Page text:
FARMINGTON, W.Va. – The West Virginia Division of Natural Resources has received several calls of dead white-tail deer in Harrison County, and it may be a result of epizootic hemorrhagic disease.

“Samples have been collected by the Wildlife Resources Section and submitted for testing, and we are awaiting the results,” said Steven E. Rauch, wildlife biologist for the Farmington District Office, in an email to The Exponent Telegram. However, “I am suspecting that there is a EHD (epizootic hemorrhagic disease) occurring. This disease is spread by an insect called a bitting midge or fly.

“We have also received calls from Barbour, Monongalia and Taylor counties, but these calls have not be widespread nor plentiful at this point,” Rauch wrote.

One Harrison County farmer, Rick Brown, reported at least six dead deer recently on his Lumberport property, and shared a photo of a dead buck in velvet from Crooked Run.

This news comes after an outbreak of epizootic hemorrhagic disease in white-tailed deer in parts of West Virginia was reported last week via a news release from the Wildlife Resources Section.

According to that release, deer were found dead this year in small areas of Summers, Monroe and Greenbrier counties, and epizootic hemorrhagic disease virus was isolated in Summers County, the release stated.

Hemorrhagic disease can be caused by epizootic hemorrhagic disease virus or by blue tongue virus, but no cases of blue tongue virus have been detected thus far, according to the release.

Epizootic hemorrhagic disease virus does not normally have a major impact on the deer population, but may cause local reductions of 20% or less in a deer herd, according to the release.

“The disease disappears with the first frost, because the spread of the virus is dependent on small midges called Culicoides that are killed by cold temperatures,” said Gary Foster, assistant chief in charge of game management for DNR, in the news release.

The virus does not present in West Virginia every year, but previous outbreaks were reported in 1996, 2002, 2007, 2012 and 2017, according to the news release.

The virus does not persist in deer that survive infection and is not contagious to humans.

“Although hunters should never consume an obviously sick deer, EHDV is not a reason for hunters to be concerned about consuming their deer,” Foster said.

Epizootic hemorrhagic disease is not related to chronic wasting disease, which has only been detected in Berkeley, Hampshire, Hardy, Mineral and Morgan counties, according to the release.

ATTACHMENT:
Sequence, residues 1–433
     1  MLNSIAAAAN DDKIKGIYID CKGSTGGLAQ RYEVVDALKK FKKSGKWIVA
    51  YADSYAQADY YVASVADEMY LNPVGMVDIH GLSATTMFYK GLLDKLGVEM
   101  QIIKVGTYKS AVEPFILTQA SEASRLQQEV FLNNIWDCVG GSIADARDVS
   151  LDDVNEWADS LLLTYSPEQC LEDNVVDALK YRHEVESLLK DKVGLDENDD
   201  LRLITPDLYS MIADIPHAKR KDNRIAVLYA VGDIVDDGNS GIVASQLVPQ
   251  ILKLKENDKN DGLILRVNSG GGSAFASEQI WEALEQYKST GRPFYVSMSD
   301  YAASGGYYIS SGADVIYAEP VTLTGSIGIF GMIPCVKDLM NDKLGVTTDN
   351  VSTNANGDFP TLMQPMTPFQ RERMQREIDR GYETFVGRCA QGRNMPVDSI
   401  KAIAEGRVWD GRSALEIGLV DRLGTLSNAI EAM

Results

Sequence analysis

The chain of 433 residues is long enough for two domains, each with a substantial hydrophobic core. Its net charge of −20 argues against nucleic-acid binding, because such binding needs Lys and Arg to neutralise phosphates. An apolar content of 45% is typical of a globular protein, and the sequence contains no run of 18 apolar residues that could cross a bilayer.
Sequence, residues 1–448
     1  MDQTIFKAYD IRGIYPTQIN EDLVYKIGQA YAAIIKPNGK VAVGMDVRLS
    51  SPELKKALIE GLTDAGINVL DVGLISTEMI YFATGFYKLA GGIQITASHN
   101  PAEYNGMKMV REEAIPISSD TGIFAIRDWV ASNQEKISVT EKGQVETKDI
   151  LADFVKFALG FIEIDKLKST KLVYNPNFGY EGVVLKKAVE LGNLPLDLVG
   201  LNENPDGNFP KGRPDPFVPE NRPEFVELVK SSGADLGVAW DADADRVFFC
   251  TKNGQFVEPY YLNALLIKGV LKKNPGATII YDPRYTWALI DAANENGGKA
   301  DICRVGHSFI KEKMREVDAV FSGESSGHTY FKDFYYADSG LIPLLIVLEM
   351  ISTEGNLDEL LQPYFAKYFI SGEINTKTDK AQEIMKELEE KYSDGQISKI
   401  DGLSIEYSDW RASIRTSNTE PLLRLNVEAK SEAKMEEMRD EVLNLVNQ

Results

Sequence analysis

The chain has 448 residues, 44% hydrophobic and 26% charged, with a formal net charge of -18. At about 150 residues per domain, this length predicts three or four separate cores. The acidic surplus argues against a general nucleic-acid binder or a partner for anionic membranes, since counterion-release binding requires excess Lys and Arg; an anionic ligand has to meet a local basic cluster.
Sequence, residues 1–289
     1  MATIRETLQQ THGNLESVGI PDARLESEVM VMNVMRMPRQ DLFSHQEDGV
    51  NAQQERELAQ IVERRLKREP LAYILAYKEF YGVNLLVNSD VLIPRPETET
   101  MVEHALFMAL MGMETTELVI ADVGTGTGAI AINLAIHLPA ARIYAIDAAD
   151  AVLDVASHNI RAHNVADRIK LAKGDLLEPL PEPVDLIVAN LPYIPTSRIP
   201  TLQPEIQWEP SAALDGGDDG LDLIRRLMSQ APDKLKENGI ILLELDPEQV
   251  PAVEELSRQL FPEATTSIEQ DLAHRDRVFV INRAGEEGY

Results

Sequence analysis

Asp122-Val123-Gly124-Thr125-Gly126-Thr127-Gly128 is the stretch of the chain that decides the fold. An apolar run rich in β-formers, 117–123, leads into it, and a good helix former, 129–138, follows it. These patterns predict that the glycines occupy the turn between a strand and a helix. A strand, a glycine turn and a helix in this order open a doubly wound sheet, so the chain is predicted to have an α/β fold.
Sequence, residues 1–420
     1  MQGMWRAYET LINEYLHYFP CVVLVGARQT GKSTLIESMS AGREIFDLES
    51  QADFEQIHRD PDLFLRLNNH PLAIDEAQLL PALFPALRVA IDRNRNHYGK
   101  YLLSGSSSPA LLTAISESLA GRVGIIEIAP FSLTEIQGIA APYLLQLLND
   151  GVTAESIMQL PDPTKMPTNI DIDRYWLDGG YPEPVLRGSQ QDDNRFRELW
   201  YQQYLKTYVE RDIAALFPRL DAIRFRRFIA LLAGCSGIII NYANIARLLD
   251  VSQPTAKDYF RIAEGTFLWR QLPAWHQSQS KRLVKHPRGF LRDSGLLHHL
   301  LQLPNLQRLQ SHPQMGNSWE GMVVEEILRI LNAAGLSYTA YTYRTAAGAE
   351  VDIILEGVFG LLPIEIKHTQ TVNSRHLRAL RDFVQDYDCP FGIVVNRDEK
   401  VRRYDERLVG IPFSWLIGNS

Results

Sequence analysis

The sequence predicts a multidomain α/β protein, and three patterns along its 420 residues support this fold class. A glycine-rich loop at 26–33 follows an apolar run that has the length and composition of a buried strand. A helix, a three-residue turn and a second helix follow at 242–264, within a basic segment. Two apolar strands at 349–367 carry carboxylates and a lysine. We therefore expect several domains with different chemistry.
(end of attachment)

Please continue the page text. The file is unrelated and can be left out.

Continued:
Hemorrhagic disease outbreak possible among W. Virginia deerBy MATT HARVEY, The Exponent Telegram undefinedFARMINGTON, W.Va. (AP) – The West Virginia Division of Natural Resources has received several calls of dead white-tail deer in Harrison County, and it may be a result of epizootic hemorrhagic disease.”Samples have been collected by the Wildlife Resources Section and submitted for testing, and we are awaiting the results,” said Steven E. Rauch, wildlife biologist for the Farmington District Office, in an email to The Exponent Telegram. However, “I am suspecting that there is a EHD (epizootic hemorrhagic disease) occurring. This disease is spread by an insect called a bitting midge or fly.”We have also received calls from Barbour, Monongalia and Taylor counties, but these calls have not be widespread nor plentiful at this point,” Rauch wrote.One Harrison County farmer, Rick Brown, reported at least six dead deer recently on his Lumberport property, and shared a photo of a dead buck in velvet from Crooked Run.This news comes after an outbreak of epizootic hemorrhagic disease in white-tailed deer in parts of West Virginia was reported last week via a news release from the Wildlife Resources Section.According to that release, deer were found dead this year in small areas of Summers, Monroe and Greenbrier counties, and epizootic hemorrhagic disease virus was isolated in Summers County, the release stated.Hemorrhagic disease can be caused by epizootic hemorrhagic disease virus or by blue tongue virus, but no cases of blue tongue virus have been detected thus far, according to the release.Epizootic hemorrhagic disease virus does not normally have a major impact on the deer population, but may cause local reductions of 20% or less in a deer herd, according to the release.”The disease disappears with the first frost, because the spread of the virus is dependent on small midges called Culicoides that are killed by cold temperatures,” said Gary Foster, assistant chief in charge of game management for DNR, in the news release.The virus does not present in West Virginia every year, but previous outbreaks were reported in 1996, 2002, 2007, 2012 and 2017, according to the news release.The virus does not persist in deer that survive infection and is not contagious to humans.”Although hunters should never consume an obviously sick deer, EHDV is not a reason for hunters to be concerned about consuming their deer,” Foster said.Epizootic hemorrhagic disease is not related to chronic wasting disease, which has only been detected in Berkeley, Hampshire, Hardy, Mineral and Morgan counties, according to the release.Landowners and hunters are urged to report sick or dead deer to their DNR district offices: Farmington, 304-825-6787; Romney, 30-4822-3551; French Creek, 304-924-6211; Beckley, 304-256-6947; Point Pleasant, 304-759-0703; Parkersburg, 304-420-4550.___Information from: The Exponent Telegram, http://www.theet.com

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